Do Your Homework
You'll hear constant talk about the project phases, starting with initiating the project and moving into the planning process. There are countless graphs, charts, diagrams, pyramids, flowcharts, and other manners of presenting the series of steps needed to effectively manage a project. Theories, methodology, and discussion of these steps are important only to the point at which you understand what the steps mean. Once that has occurred, it's time to stop talking, put down the graphs of the big picture, roll up your sleeves, and get to work!
Yes, there are a tremendous number of aspects and elements that can be discussed regarding projects, and plenty of buzzwords and project-friendly phrases, but the bottom line is that at some point it will be time to get busy. This separates those who talk about projects and those who actually do them. If you're a doer, then start the project by doing your homework.
Homework includes plenty of research. Gather information from as many applicable sources as possible. You will also need to verify that your sources are accurate, especially if you surf unfamiliar territory on the Web. In business, you will want to review the minutes of meetings leading up to the formation of the project. You may also want to look at the following:
Previous project reports
External reports, such as neighborhood studies, demographic studies, and consumer studies
Books, articles, and Web sites that pertain to the nature of your project
You may even review personnel files to find people with expertise in certain areas. You'll also want to use the Internet or your local library to gather facts and figures that support the projected outcome of the project. You'll need to scope out anything that exists in the media that may be helpful. Anything that can lead to resources will also be of value. As you build your team, you'll be able to delegate tasks accordingly, and the team members will be able to seek out information on their own.
Holding meetings with team members as you build the team will allow you to share and gain information. You will be able to describe the overall project and they may be able to demonstrate their knowledge of a specific area. Take good notes.
You cannot expect to lead a team effectively unless you know the project's scope, details, and place in the bigger picture. You need to be able to answer questions and show that you have a firm grasp of what is being done and how it will commence effectively. You also need to network — it's very important. Talk with other team leaders, especially those who have led similar projects, and potential team members, as well as others who you feel can provide information. Gather benchmark data against which you can measure vendor quotes, resource prices, your projected project time frame, etc.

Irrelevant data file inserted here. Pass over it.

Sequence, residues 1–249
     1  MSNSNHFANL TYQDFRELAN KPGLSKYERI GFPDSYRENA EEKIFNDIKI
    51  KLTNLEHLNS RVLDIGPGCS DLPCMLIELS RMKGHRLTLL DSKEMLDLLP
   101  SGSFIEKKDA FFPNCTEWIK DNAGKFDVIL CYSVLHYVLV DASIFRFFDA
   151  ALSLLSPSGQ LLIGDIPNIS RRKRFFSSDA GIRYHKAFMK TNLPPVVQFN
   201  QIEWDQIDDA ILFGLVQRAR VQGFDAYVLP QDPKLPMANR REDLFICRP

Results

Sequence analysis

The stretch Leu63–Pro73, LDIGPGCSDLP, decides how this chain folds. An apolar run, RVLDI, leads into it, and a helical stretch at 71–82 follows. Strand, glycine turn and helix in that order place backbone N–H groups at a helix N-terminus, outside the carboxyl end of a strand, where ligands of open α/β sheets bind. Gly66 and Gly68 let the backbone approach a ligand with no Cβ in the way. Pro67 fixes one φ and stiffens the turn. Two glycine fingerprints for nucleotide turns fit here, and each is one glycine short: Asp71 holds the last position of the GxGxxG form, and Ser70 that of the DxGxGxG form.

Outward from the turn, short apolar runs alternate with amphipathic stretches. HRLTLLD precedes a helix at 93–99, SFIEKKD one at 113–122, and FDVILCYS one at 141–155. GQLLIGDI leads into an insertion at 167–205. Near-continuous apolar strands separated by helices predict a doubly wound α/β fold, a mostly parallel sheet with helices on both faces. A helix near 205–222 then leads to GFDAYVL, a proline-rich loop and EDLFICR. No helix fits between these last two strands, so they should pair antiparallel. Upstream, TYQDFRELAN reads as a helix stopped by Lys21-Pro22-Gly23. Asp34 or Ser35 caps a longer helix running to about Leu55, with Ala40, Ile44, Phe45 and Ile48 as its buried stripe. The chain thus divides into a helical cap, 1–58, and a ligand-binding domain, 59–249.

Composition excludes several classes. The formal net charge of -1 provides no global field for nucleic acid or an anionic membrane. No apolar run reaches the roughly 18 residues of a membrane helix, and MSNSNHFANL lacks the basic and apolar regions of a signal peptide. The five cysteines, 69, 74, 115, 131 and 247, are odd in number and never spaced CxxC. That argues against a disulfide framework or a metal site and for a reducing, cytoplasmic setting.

Any project needs some degree of research before it gets off the ground. Besides making the initial determination of whether a project is or is not feasible (see Chapter 1), you'll need to investigate ways to proceed and research all possible pros and cons of the process you select.
Before you build a new bathroom in your house, you'll need to read up on the latest in bathroom fixtures and get an idea of how the plumbing operates in your home. You may have to look at blueprints of the house and assess the land before you start work.
Without doing solid research, how will you know if you have the best team members or whether you have someone who can't perform the job? You can't hire someone to create a new data entry system for your business if you don't know whether they've done such a project before. Likewise, you don't want a computer software program that is wrong for your project. Every step of the way, you will have to do research or have others do research for you and for the good of the project. If people are doing research on your behalf, make sure they know exactly what you are looking for so they don't waste your time searching for extraneous or unnecessary information.
Research and searching for information is also significant in helping you return to your stakeholders with valuable materials that may benefit them and even alter their projected results. You may have discovered a city ordinance that will force you to alter your plans slightly, or a new technology that will help you complete the project a week earlier than expected. Run your discoveries by your stakeholders; often, they will have information to share with you as well.
Avoid diminishing returns by using your resources effectively. Just because a computer software program has 800 functions, it doesn't mean you'll need all 800 for your project. Focus on the project, not the mechanics! Once you have everything up and running, move on.
One of the most common pitfalls of projects is failing to get them done on time without a mad rush to the finish line that often results in a less than satisfactory outcome. Many people who take on a project spend far too much time planning, plotting, and arranging and rearranging their schedule. After all that, they realize they've jumped into the take-action phase too late. A good project manager knows the value of the initial planning process, but also knows when the time is right to stop planning and start doing. Planning is important, but even a marvelous plan that never gets off the ground, or gets off the ground too late, is not worth the effort because the risk of failure increases.